And I thought I was sermonizing to the agreeable.
Seems I generated a shit storm with recent articles demanding justice for Palestinians in Gaza.
And now a quote’s intruding—one attributed to Karl Rove, who told journalist Ron Suskind that the reality-based community (those who believe that solutions emerge from the study of reality) is passé. Rove arrogantly instructed:
That’s not the way the world really works anymore. We’re an empire now, and when we act, we create our own reality. And while you’re studying that reality, judiciously, as you will, we’ll act again, creating other new realities, which you can study too, and that’s how things will sort out. We’re history’s actors … and you, all of you, will be left to study what we do.
When Barack Obama either was campaigning or had just taken the oath, there was noise that neo-conservatism was dead. It isn’t. Rove’s words are frightening. History’s actors are generating new scenes of carnage on Earth’s stage and we indeed are left to study them. Often we ask, WTF (?), as if we’re astounded by the indignity.
Back to that shit storm…
I wrote two articles about Israel and the slaughter of Palestinians. In one I said, “The message is hypocritically clear: Some lives are more valuable than others.” In another I emphasized “genocide” and concluded with:
The death knell is blaring. Gaza is burning. Palestinians are burning alive. Operation Protective Edge is not an effort to defend a perimeter; it is part of a plan, conceived to obliterate a population.
I’ve learned there are those who claim to be peaceniks but aren’t when the conflict involves Israel and the Palestinians in Gaza. I was called anti-Semitic, the default label for anyone who criticizes Israel’s Zionism.
I suggested Edward Said to one critic. He wasn’t interested. Perhaps you are. Here are some Said quotes: “Every empire, however, tells itself and the world that it is unlike all other empires, that its mission is not to plunder and control but to educate and liberate.”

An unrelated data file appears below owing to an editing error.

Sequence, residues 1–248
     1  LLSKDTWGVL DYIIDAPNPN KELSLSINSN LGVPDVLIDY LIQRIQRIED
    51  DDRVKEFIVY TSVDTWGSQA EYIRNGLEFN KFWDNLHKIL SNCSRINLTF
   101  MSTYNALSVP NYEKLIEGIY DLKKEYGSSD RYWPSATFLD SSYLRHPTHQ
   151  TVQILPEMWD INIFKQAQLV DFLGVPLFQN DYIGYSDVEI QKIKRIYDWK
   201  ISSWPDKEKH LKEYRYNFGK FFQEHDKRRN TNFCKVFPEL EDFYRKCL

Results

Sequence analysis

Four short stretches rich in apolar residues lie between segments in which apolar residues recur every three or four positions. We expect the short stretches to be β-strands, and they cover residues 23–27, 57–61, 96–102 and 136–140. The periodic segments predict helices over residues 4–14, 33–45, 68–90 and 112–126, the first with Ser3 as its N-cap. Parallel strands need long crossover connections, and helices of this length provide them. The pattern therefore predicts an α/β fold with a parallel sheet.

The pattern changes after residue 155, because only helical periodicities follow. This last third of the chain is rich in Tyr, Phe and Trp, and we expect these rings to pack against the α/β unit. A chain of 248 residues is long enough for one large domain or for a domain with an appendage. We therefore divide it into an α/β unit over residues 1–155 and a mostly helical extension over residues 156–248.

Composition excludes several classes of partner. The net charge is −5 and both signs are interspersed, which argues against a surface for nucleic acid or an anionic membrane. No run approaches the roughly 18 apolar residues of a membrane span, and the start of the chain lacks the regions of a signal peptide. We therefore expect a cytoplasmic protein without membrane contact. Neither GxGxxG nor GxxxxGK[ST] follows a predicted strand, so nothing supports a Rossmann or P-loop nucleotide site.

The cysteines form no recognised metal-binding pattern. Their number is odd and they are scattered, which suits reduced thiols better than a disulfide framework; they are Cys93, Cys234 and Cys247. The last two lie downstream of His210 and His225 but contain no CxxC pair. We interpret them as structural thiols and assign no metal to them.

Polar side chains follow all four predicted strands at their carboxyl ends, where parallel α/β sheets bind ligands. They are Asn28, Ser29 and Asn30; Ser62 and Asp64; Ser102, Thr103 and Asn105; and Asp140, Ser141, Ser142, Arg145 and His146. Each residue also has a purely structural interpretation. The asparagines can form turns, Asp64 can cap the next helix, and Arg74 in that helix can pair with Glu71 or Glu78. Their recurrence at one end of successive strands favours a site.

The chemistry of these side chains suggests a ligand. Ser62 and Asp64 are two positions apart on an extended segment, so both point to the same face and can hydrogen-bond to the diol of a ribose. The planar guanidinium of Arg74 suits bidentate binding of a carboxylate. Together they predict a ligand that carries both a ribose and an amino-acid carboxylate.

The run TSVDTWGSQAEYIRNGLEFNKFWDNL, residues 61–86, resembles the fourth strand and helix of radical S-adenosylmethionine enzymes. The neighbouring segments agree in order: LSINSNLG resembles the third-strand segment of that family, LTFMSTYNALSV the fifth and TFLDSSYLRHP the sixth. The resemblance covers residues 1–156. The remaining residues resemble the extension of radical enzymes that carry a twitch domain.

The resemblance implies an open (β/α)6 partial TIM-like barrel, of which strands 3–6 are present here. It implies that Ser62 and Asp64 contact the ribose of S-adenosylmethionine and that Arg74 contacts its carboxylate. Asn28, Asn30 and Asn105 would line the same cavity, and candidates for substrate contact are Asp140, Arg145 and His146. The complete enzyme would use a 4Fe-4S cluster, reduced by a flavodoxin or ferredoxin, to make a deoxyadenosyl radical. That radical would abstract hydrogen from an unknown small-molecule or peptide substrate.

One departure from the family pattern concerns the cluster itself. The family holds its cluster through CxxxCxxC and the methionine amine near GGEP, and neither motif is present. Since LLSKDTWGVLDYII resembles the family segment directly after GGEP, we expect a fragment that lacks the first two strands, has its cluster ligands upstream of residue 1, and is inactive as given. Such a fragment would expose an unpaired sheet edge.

It is quite common to hear high officials in Washington and elsewhere speak of changing the map of the Middle East, as if ancient societies and myriad peoples can be shaken up like so many peanuts in a jar.
Exile is strangely compelling to think about but terrible to experience. It is the unhealable rift forced between a human being and a native place, between the self and its true home: its essential sadness can never be surmounted. And while it is true that literature and history contain heroic, romantic, glorious, even triumphant episodes in an exile’s life, these are no more than efforts meant to overcome the crippling sorrow of estrangement.
I know that some people limit the recipients of their compassion. View through a biased lens.
We war, wage it at all levels, one-on-one, group-on-group, and nation-on-nation. I admit my own guilt, the personal vendettas, Missy as avenger.
And I despair. At the way the world works—those actors, acting again and again and again, repeating lines, and drawing new ones, distorting truth, perpetuating violence. We may study them as they fashion more horrors, different horrors, even greater horrors, feeling inadequate to halt the barbarities.
Rodney King asked, “Can we all get along?”
No, it seems we can’t.
Missy Beattie has written for National Public Radio and Nashville Life Magazine. She was an instructor of memoirs writing at Johns Hopkins’ Osher Lifelong Learning Institute in Baltimore. Email: firstname.lastname@example.org